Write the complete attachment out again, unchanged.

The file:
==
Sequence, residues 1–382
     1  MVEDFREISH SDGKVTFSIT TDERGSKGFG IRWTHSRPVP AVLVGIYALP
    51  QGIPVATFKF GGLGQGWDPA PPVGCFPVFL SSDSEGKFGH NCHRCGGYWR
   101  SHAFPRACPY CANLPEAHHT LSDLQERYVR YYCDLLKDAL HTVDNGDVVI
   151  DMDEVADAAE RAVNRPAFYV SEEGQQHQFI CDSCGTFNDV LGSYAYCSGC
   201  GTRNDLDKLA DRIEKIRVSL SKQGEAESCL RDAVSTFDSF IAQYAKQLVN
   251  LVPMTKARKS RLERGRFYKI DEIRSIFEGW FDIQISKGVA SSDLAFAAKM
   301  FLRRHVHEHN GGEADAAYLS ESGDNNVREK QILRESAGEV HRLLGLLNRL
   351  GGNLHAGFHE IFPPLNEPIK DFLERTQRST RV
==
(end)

Sequence, residues 1–382
     1  MVEDFREISH SDGKVTFSIT TDERGSKGFG IRWTHSRPVP AVLVGIYALP
    51  QGIPVATFKF GGLGQGWDPA PPVGCFPVFL SSDSEGKFGH NCHRCGGYWR
   101  SHAFPRACPY CANLPEAHHT LSDLQERYVR YYCDLLKDAL HTVDNGDVVI
   151  DMDEVADAAE RAVNRPAFYV SEEGQQHQFI CDSCGTFNDV LGSYAYCSGC
   201  GTRNDLDKLA DRIEKIRVSL SKQGEAESCL RDAVSTFDSF IAQYAKQLVN
   251  LVPMTKARKS RLERGRFYKI DEIRSIFEGW FDIQISKGVA SSDLAFAAKM
   301  FLRRHVHEHN GGEADAAYLS ESGDNNVREK QILRESAGEV HRLLGLLNRL
   351  GGNLHAGFHE IFPPLNEPIK DFLERTQRST RV